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Year : 1999  |  Volume : 47  |  Issue : 2  |  Page : 157

Spinal epidural haematoma in an haemophiliac with HIV.






How to cite this article:
Srivatsa A, Lakshminarayanan G. Spinal epidural haematoma in an haemophiliac with HIV. Neurol India 1999;47:157


How to cite this URL:
Srivatsa A, Lakshminarayanan G. Spinal epidural haematoma in an haemophiliac with HIV. Neurol India [serial online] 1999 [cited 2020 Aug 7];47:157. Available from: http://www.neurologyindia.com/text.asp?1999/47/2/157/1629



Although intracranial haemorrhage remains among the major causes of death in haemophilics, spinal epidural haematomas are rarely seen. A case of cervical spinal epidural haematoma in a haemophiliac with HIV affliction is described.

A 28 year old haemophilic male patient presented with one month history of fever in the evenings, and associated weight loss. There was no relief with antibiotics for six weeks. Being haemophilic he required blood transfusion every two years. Two days prior to admission, he complained of severe neck pain with radiation to the occipital region. On the day of admission, his pain worsened. He complained of difficulty in moving his hands. The weakness rapidly progressed to quadriparesis, alongwith urinary retention and overflow. His breathing was normal and he didn't complain of any numbness. There was no history of trauma. On examination, he had grade 4/5 quadriparesis and hyperreflexia in all limbs. Sensations were decreased from C5 till C7 bilaterally. The plantars were extensor. There was spinal tenderness. MRI of the cervical spine showed an epidural collection suggestive of acute blood extending from C5 to T1 level, causing cord compression [Figure 1]. With the possibility of an epidural haemorrhage, he was started on steroids and anti haemophilic factor VIII. Over 2 days, his power improved and by the 3rd day, only the hyperreflexia persisted. His bladder function improved. Western Blot test for HIV was positive.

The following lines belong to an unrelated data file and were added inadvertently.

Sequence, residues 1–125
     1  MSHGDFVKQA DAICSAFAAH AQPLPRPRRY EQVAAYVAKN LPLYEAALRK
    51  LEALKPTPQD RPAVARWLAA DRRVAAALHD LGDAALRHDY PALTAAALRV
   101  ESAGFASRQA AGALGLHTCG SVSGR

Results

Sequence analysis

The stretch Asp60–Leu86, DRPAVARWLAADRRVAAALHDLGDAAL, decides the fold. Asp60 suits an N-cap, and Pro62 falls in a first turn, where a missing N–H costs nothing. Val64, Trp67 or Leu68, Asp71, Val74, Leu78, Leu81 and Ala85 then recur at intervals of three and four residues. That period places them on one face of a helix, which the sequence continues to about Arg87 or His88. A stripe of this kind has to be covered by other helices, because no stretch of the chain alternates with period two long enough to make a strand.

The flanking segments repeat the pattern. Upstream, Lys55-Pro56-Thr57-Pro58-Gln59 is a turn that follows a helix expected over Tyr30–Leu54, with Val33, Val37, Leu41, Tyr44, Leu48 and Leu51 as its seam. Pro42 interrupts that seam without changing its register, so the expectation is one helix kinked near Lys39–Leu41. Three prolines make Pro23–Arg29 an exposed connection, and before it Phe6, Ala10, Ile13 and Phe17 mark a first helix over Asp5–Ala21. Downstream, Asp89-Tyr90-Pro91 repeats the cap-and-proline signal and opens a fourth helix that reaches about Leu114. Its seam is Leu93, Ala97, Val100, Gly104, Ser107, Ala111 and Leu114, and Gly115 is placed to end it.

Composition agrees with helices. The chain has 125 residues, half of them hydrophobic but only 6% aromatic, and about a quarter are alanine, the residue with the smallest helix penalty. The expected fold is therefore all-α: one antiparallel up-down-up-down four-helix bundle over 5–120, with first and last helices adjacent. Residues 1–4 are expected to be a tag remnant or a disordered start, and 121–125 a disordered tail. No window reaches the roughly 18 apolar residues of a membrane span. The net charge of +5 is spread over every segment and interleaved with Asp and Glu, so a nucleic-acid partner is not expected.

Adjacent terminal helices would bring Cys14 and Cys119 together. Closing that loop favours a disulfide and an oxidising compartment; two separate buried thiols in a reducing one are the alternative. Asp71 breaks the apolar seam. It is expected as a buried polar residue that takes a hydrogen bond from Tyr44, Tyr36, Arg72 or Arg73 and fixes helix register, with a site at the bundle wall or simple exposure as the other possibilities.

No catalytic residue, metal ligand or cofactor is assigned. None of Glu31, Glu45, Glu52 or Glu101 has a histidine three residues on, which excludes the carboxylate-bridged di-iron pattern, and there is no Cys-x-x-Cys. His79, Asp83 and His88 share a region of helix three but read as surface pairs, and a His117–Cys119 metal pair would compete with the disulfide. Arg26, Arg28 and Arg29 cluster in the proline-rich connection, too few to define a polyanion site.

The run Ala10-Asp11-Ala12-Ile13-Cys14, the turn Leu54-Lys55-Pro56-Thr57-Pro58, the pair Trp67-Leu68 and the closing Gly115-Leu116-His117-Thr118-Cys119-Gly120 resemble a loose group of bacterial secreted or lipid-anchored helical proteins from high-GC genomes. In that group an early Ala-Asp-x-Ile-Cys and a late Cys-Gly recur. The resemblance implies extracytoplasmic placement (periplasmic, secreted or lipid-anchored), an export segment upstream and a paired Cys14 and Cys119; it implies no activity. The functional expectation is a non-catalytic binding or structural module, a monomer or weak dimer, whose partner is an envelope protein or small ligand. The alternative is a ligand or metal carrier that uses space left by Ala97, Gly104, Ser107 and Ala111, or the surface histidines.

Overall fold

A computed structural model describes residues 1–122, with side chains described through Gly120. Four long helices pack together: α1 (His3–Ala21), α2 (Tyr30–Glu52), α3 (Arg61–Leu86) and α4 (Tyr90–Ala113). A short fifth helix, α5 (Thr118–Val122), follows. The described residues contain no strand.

Spinal epidural haematoma though rare,[1] should be definitely kept in mind while treating haemophiliacs as it may be missed. In our patient, with a long history of fever an infectious aetiology was thought of, but surgery was deferred as he was neurologically stable. This might not have been the case if he had deteriorated or had severe neurological deficit at the time of admission. Anti-haemophilic factor replacement therapy seemed a sound treatment measure.[2],[3],[4] Mechanical causes have been reported in upto 40% of cases, but our patient had no such history. Spinal epidural haematomas are rarely seen and have been reported as isolated cases and more in infants. `Substitution' treatment has been reported to show good signs, when instituted immediately.

Patients with haemophilia who develop cord signs should be investigated and treated immediately with replacement therapy. This by itself can prevent the need of surgery. This patient was sent for treatment at the AIDS center and was lost to follow up.
 

 

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Online since 20th March '04
Published by Wolters Kluwer - Medknow